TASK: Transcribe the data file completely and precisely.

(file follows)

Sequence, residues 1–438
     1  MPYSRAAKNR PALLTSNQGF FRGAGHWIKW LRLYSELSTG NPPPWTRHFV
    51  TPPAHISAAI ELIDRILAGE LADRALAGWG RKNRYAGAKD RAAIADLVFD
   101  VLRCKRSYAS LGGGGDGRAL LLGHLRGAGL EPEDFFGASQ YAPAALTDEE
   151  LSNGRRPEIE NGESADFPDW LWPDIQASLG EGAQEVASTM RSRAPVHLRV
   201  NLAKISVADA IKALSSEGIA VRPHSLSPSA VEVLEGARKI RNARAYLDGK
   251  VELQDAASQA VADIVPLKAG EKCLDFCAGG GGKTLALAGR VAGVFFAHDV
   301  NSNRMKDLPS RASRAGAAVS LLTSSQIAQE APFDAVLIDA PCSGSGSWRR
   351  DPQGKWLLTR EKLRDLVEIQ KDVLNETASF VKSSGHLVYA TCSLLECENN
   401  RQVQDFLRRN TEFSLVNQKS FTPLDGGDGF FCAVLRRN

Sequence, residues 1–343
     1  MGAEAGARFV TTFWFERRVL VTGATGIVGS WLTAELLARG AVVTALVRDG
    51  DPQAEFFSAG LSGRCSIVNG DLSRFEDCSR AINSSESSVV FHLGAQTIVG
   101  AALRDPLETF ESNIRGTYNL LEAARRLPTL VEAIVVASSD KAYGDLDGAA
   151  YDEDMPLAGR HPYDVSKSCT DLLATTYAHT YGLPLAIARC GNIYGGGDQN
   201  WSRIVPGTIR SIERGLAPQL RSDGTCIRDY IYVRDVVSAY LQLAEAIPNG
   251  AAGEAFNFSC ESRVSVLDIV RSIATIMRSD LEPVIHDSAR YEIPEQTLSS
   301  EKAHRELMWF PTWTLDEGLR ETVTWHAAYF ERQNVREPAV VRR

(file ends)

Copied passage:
Sequence, residues 1–438
     1  MPYSRAAKNR PALLTSNQGF FRGAGHWIKW LRLYSELSTG NPPPWTRHFV
    51  TPPAHISAAI ELIDRILAGE LADRALAGWG RKNRYAGAKD RAAIADLVFD
   101  VLRCKRSYAS LGGGGDGRAL LLGHLRGAGL EPEDFFGASQ YAPAALTDEE
   151  LSNGRRPEIE NGESADFPDW LWPDIQASLG EGAQEVASTM RSRAPVHLRV
   201  NLAKISVADA IKALSSEGIA VRPHSLSPSA VEVLEGARKI RNARAYLDGK
   251  VELQDAASQA VADIVPLKAG EKCLDFCAGG GGKTLALAGR VAGVFFAHDV
   301  NSNRMKDLPS RASRAGAAVS LLTSSQIAQE APFDAVLIDA PCSGSGSWRR
   351  DPQGKWLLTR EKLRDLVEIQ KDVLNETASF VKSSGHLVYA TCSLLECENN
   401  RQVQDFLRRN TEFSLVNQKS FTPLDGGDGF FCAVLRRN

Sequence, residues 1–343
     1  MGAEAGARFV TTFWFERRVL VTGATGIVGS WLTAELLARG AVVTALVRDG
    51  DPQAEFFSAG LSGRCSIVNG DLSRFEDCSR AINSSESSVV FHLGAQTIVG
   101  AALRDPLETF ESNIRGTYNL LEAARRLPTL VEAIVVASSD KAYGDLDGAA
   151  YDEDMPLAGR HPYDVSKSCT DLLATTYAHT YGLPLAIARC GNIYGGGDQN
   201  WSRIVPGTIR SIERGLAPQL RSDGTCIRDY IYVRDVVSAY LQLAEAIPNG
   251  AAGEAFNFSC ESRVSVLDIV RSIATIMRSD LEPVIHDSAR YEIPEQTLSS
   301  EKAHRELMWF PTWTLDEGLR ETVTWHAAYF ERQNVREPAV VRR